NEW YORK — Gwen Carr was on break at her job as an MTA train operator that Thursday afternoon when her phone suddenly lit up with text messages about the police, untaxed cigarettes, and her son unconscious on the ground. She was still on her way to the hospital when she got the call that her firstborn, Eric Garner, 43, was dead.
By the next morning, Carr — and everyone else — had seen the video: Officer Daniel Pantaleo’s white arm wrapped around Garner’s black neck. The two men crashing into a storefront window and tumbling to the Staten Island sidewalk. Garner’s arms flailing as he gasped and wailed, 11 times, “I can’t breathe.”
Garner’s death, on July 17, 2014, prompted massive protests in New York, and — as a succession of police-involved killings sparked furor across the nation — his final words soon echoed on the streets in dozens of American cities.
While outrage came quickly, the bureaucracy of justice has moved at a glacial pace. Nearly half a decade later, Garner’s killing has yet to be fully adjudicated.
Local prosecutors opted not to charge Pantaleo with a crime. A federal investigation stalled after attorneys in Washington, who wanted to charge the officer with civil rights violations, met resistance from FBI investigators and federal prosecutors in New York, who did not.
The closest Garner’s family will come to some sort of resolution played out in recent weeks in a room on the fourth floor of New York police headquarters, where an internal administrative process will determine whether Pantaleo should be fired for using a chokehold, a maneuver the department has long banned. Aside from a small cadre of journalists scribbling on pads, the reckoning of Garner’s very public death has happened in private: No cameras or audio recording were allowed in the 50-seat room, and all exhibits, documents and testimony are sealed. In the coming weeks, a deputy police commissioner will make a private recommendation to her boss, Commissioner James P. O’Neill, who is expected to announce a decision before the fifth anniversary of Garner’s death.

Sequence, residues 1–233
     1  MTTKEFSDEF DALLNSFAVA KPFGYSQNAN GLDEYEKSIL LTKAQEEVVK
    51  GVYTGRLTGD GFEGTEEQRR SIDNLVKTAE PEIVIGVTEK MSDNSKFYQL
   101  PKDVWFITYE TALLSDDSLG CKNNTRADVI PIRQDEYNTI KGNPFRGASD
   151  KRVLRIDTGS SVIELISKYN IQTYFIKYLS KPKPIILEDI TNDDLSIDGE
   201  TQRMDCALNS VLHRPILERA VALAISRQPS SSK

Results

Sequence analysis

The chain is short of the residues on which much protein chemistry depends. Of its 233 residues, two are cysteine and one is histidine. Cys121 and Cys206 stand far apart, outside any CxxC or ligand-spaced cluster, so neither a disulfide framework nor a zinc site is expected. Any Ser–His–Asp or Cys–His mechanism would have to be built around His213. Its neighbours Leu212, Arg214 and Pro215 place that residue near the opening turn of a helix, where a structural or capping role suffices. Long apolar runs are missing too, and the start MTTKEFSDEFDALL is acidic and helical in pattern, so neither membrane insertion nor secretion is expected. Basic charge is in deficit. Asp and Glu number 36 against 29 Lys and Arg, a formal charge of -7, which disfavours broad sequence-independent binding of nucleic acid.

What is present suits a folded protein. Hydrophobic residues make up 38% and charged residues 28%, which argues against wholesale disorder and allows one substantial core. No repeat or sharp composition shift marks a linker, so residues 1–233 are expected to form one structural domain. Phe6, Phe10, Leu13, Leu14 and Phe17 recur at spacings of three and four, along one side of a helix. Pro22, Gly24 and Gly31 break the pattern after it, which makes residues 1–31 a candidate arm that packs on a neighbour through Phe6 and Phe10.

The more than 20 hours of trial testimony — together with previous public accounts of the incident — permit a comprehensive and detailed examination of Garner’s death, one of the most consequential events in the 174-year history of the NYPD and a pivotal flash point in what would become the Black Lives Matter movement.
That examination reveals how a mundane interaction between a black man and white police officers can quickly devolve, and how split-second decisions can alter the outcomes of such encounters. Five years later, it also sheds light on the extraordinary difficulty of holding police to account for deadly violence — even when the death is captured on camera and witnessed by the world.
In the end, a case that sparked a national reckoning over race and justice will reach its conclusion in a largely semantic inquiry about police takedown tactics.